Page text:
The police commissioner has asked Governor Helen Kilpatrick to set up an independent review of the police response to reports of the five boaters, including two children, who went missing at sea Sunday.

Police have come under fire from the family and others for what many say was a delayed response. The family reported the five missing around midnight Sunday night, but the police helicopter and the marine unit did not go out to search until 8:30 a.m. Monday.

In a press release, Police Commissioner David Baines said, “In order to be transparent about the RCIPS decisions and actions, there should be an independent and complete review of all the circumstances from the first report, to deployment and actions thereafter.”

The governor said she will establish an independent review. In the press statement she said, “I welcome the request from the Commissioner of the Police for an independent review of the RCIPS response to this tragic incident.  All our thoughts are with the families of those who are missing. A suitably qualified person will be appointed to lead this review and to report to me on its outcome.  I intend to make the report public in due course.”

As reported in Thursday’s Cayman Compass, Deputy Commissioner Anthony Ennis defended the response time. He said, “I understand the angst and that people are upset but from my vantage point as the strategic commander, we have done all we can, and continue to do all we can, to try to rescue these people.

“We mobilized as quickly as possible taking into account all the variables.”

For more on the police response, see Police defend missing boat response.

The search continues

The search operation for five missing boaters is now covering an area of 350 square miles of ocean around the Cayman Islands.

As the search entered its fourth day Thursday, the police helicopter and 65-foot marine vessel, the Guardian, were scouring an increasingly wide area for any sign of survivors.

Gary Mullings, his nephews Nicholas Watler, Kamron Brown, 11, and Kanyi Brown, 9, and his friend Edsell Haylock were reported missing late Sunday after they did not return from a fishing trip to 12 Mile Bank. Their upturned vessel was located 20 miles offshore Monday.

Police temporarily suspended the search for survivors Wednesday afternoon due to bad weather and rough seas but resumed Thursday morning.

The U.S. Coast Guard, which sent two C-130 planes to aid the search, concluded its air assistance Wednesday, according to a statement from the Royal Cayman Islands Police Service.

The Coast Guard, which dropped a tracking beacon at the site where the 28-foot Panga boat was found Monday, continues to provide technical data and software analysis of currents and drift patterns to help determine the best search area for possible survivors, police said.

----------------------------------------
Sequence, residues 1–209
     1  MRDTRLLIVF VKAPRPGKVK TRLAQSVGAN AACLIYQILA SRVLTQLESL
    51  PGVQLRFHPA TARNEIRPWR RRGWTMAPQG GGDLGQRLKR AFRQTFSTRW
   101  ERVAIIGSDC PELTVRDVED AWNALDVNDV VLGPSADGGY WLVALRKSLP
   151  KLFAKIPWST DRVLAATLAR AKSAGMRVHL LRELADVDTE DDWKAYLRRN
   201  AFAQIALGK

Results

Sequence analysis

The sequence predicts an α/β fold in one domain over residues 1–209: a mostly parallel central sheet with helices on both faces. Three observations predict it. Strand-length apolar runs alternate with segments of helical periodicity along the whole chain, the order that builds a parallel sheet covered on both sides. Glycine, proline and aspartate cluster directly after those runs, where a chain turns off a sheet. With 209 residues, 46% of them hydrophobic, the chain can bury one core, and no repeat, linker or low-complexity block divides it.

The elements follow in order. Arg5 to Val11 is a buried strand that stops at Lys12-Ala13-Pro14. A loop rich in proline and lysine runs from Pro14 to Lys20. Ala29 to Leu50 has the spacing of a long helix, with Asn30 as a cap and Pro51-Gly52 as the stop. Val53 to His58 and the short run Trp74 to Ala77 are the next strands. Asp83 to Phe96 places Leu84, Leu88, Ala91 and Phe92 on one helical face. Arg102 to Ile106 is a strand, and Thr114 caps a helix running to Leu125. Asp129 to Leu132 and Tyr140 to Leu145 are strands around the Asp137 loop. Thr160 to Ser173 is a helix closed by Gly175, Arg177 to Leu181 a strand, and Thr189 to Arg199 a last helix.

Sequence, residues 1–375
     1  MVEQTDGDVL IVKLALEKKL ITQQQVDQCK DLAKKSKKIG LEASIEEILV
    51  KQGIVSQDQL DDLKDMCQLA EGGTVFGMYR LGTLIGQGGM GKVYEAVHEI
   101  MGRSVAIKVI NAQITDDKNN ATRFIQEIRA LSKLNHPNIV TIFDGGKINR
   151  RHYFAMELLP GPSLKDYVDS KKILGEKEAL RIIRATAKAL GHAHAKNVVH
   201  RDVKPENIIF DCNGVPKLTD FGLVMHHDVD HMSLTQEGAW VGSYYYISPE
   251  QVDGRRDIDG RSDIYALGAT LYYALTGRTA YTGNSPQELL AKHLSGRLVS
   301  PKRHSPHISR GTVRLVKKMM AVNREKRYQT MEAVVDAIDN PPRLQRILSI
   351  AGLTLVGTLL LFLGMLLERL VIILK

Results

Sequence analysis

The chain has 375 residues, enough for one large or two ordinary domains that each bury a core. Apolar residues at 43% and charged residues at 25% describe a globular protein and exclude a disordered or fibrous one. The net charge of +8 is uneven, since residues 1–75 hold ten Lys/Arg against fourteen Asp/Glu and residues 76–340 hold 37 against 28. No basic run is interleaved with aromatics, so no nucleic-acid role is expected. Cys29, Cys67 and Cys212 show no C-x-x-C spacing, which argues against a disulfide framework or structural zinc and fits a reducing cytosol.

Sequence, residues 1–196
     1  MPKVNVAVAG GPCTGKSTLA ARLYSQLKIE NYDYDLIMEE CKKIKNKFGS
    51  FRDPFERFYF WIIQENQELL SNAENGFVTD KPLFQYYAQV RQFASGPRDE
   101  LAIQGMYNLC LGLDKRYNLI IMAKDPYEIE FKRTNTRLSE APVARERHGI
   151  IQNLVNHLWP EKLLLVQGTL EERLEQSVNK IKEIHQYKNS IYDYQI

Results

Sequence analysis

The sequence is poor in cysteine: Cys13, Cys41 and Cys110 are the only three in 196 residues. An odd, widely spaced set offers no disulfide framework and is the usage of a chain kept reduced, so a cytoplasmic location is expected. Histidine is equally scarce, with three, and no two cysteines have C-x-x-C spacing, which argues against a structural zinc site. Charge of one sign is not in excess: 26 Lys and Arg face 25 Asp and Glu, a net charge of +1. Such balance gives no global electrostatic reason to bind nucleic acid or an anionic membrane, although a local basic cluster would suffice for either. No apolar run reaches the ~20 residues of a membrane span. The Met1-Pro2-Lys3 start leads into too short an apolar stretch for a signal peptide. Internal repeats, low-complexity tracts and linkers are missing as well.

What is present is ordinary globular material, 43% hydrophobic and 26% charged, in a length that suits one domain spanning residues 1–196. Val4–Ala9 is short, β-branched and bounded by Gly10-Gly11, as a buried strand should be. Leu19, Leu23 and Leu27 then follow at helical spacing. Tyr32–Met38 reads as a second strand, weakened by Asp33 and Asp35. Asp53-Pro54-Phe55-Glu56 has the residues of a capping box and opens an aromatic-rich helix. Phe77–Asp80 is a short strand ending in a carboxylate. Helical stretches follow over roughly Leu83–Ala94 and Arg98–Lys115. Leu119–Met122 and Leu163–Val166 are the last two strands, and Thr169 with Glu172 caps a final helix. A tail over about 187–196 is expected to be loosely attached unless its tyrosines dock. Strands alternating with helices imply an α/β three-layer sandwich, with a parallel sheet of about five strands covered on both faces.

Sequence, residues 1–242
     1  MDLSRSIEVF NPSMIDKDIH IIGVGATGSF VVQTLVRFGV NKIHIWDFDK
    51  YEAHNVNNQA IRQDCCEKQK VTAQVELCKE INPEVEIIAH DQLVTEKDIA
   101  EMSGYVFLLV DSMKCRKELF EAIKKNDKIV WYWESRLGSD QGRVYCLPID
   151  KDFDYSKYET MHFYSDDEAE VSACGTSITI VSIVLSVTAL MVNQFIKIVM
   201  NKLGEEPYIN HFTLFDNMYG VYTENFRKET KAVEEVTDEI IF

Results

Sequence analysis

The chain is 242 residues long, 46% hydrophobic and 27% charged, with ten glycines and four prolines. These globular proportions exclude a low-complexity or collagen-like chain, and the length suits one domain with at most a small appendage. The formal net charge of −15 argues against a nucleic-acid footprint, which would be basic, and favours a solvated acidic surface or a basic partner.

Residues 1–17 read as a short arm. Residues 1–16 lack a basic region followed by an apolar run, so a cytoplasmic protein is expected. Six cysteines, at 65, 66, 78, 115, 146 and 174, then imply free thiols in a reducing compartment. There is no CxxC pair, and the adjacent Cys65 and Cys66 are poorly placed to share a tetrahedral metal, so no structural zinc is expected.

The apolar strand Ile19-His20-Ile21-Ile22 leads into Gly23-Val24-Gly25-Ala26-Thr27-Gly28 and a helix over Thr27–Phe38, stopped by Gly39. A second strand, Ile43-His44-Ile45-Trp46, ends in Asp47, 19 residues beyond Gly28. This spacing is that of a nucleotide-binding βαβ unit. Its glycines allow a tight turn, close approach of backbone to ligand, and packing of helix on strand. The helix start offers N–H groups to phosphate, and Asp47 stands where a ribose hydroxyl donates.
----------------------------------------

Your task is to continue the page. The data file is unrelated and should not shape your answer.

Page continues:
A shoreline search from Barkers Beach in West Bay to East End also took place Wednesday and Thursday, involving police and volunteers aided by the police helicopter. There were no reports of any debris or signs of the boaters uncovered following the search.

Support local journalism. Subscribe to the all-access pass for the Cayman Compass.

Subscribe now


  1. On the one hand it is obvious that in a case like this an immediate search is essential before the boaters drift too far away.

    On the other hand searching for people in the dark who are not wearing lifejackets or lighting of any sort is impossible.

    It seems the boaters phone packed up about 3pm. They should have been back by 4pm. Why then was the alarm not raised till so very late?

    My thoughts and prayers are with the family.

  2. To follow up my last comment.

    I try to learn lessons from tragedy.
    As a guy I well understand the boaters drsire to Man it Out and not worry anyone or make a fuss.

    But if only they had asked for help when they were struggling with heavy seas and only one engine.

  3. So if we expect the RCIPS to go out in bad weather, we need to give them the equipment to do that. The boats we have are for catching criminals, not rescuing people. We should seeks help for either the US or UK on motorized life boats that can go out in ANY weather. The USCG uses a 47ft life boat that can roll completely upside down and then it rights its self up and keeps on going. Why don’t we have one of those?

  4. how many times do people have to be lost at sea before the gov has the appropriate vehicles for rough weather rescues?

    yes they have some boats and helos but it’s not enough for situations like these.

    regardless of who’s ‘fault’ it was – the adults for going out in rough weather, the RCIPS for seemingly not responding fast enough – it still happened, and it could have been avoided if the proper equipment was used. playing the blame game is not right. at all. I have seen far too many comments on media throwing the blame this way and that.

    I know how it feels to lose someone like this. my father disappeared in 2000 under similar circumstances. I would have hoped that by now the gov would have upped their search & rescue game. how many people have to disappear before they realize they need the proper methods to bring people back to us.

  5. This tragic story of the lost of our kids , and men , should teach us all, I keep the parents and the victims in my prayers.

    We all know that boating / fishing is fun , but going out in the ocean is a other thing, we must know that we have all the necessary safety equipment on board / food / water / fire extinguisher everything planed for survival , and leave a float plan with someone at home any most of all plan and try to stay with the boat in most situations , because the boat is a larger object to find in the big ocean than a body .